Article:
Raindrops keep falling on my head!

     The phone rang as I prepared for my morning shoot. My Editor in Chief was crossing the river on the way to work and said to be sure to catch the sunrise. Corpuscular rays were peeking through and It was pretty she said. But by the time I got out to the dock they had pretty much dissipated. A layer of thick grey stratocumulus hung over the marsh darkening the sky. I wondered what I would see today in this weather.

     As I walk to the pier a large black vulture circles overhead. Just what I need, an omen of some sort. I sit in my blind and sip some coffee and situate myself looking towards the sun, what little there was that is.  This is where the action would come from I thought. Soon two white pelicans begin to swim up the channel. These are indeed large graceful birds and very beautiful with broad pink beaks. White pelicans do not dive from the air like the brown ones. They prefer to land on the water and scoop up the fish with their large pouched beaks. They look at each other as if to say, “see that guy in the blind there, he ain’t foolin me” as they turn and head back out the channel. Oh well. Suddenly, an orange beak pops up out of the water in front of me. It is a cormorant on a morning fishing expedition. I am careful not to make any sudden movement, and it does not even seem to notice me. It dives and surfaces even closer. Thankfully a small ray of sun was still out and I get a few good pictures as it heads up the channel and surfaces again with a fish. Another bird lands with a belly flop and swims towards me. It is a pretty faced Pied Billed Grebe. Soon I hear a rushing sound in the distance that begins to crescendo in volume and with a rush of wind, a squall of rain blows through the channel and begins to pelt the blind.  I zip up my portholes and inspect my quaint abode and sip my coffee. There are a few leaks at the seams but overall I am sitting pretty comfortable and dry. The grebe and cormorant are happy as a duck in the rain. The plunking sound on the blind is soothing but begins to subside a bit. Then it is over nearly as fast as it started. The sun peaks through the clouds again as it climbs higher in the sky. Then the sky begins to darken again. The cormorant is right in front of me. A single drop of rain falls nearby. Then another and another as the rain begins again. The latter rain is much stronger than the former. I zip up most of my portholes and listen to the sound as I sip my warm coffee and give thanks for the opportunity I have had so far. The rain again begins to subside and the sun tries to peak out again. Unzipping the rear porthole I see a stilted sandpiper in the marsh on muddy legs. The cormorant swims out in the deep water and casts a look over his back towards me. It then lifts up on its wings and begins to walk on water and is airborne in a few beats. It flies off into a ray of sun streaming down through the clouds. It is time to go.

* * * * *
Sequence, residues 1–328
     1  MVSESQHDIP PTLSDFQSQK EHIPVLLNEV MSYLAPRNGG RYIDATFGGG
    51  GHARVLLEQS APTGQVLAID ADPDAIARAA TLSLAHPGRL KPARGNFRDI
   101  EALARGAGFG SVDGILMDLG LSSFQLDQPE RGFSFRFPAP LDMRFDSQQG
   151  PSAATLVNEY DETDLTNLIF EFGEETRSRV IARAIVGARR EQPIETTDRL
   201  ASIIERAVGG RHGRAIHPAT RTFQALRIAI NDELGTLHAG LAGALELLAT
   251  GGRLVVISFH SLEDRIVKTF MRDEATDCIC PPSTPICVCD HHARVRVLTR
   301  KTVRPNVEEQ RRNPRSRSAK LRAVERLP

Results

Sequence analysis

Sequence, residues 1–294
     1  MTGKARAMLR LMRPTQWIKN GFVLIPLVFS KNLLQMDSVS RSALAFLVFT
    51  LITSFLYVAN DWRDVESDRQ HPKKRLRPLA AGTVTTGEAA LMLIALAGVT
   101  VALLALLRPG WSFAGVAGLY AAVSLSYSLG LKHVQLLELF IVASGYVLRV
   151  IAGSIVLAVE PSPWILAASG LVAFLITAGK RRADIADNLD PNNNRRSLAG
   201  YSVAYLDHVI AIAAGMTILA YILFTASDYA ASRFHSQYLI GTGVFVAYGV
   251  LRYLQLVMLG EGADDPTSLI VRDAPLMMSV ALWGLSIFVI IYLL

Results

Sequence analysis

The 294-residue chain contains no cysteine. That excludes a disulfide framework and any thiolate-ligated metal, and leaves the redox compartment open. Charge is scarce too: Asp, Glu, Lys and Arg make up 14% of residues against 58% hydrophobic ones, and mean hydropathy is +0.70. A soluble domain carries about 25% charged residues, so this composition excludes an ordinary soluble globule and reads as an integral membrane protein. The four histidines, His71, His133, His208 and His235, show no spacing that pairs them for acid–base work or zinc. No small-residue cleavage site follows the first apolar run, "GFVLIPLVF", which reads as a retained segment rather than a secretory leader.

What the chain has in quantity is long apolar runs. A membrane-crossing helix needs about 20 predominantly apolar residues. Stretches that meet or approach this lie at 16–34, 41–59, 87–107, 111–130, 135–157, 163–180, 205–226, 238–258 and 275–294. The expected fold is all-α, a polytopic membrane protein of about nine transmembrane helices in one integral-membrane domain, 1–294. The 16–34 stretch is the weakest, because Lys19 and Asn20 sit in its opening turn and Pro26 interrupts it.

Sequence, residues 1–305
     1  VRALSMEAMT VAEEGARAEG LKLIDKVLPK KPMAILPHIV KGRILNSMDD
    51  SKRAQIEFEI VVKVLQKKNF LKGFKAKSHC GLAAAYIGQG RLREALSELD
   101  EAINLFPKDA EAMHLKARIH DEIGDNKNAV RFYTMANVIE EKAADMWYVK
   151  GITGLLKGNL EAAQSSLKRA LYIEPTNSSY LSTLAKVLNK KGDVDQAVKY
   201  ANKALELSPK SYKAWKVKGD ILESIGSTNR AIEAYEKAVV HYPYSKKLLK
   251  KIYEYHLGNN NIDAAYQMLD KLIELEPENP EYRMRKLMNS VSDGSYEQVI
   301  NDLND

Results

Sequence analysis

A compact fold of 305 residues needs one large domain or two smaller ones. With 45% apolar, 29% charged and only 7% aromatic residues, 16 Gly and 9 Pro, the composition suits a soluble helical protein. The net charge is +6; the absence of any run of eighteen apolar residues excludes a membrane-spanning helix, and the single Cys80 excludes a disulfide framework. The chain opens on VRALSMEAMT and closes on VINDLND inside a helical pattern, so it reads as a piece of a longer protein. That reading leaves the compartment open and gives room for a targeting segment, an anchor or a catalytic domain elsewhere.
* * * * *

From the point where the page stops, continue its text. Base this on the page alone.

Perhaps to those in the north it does not seem like spring is near with the blizzard snow still on the ground. But Punxsutawney Phil is never wrong. The latter rains have begun in more ways than one. Change is in the air. The birds are sporting their mating colors more each passing day. New birth will soon follow. I hope we can share it too. Be blessed. Harry

Rainclouds gather on the Broward.

See that guy in the blind over there?

A cormorant pops up.

Pied Billed Grebe does a belly flop landing.

A bright eyed Pied Billed Grebe swims by.

The clouds darken the sky. A drop of rain falls.

Then another and another falls. Soon the soft rain fills the sky and marsh

The latter rains begin.

A stilted Sandpiper appears. Jose?

The cormorant glances back.

It lifts its wings to go.

With three flaps of the wings, the cormorant walks, then begins to fly.

It flies upward into the fleeting sunbeam.

email: selsorhd@me.com

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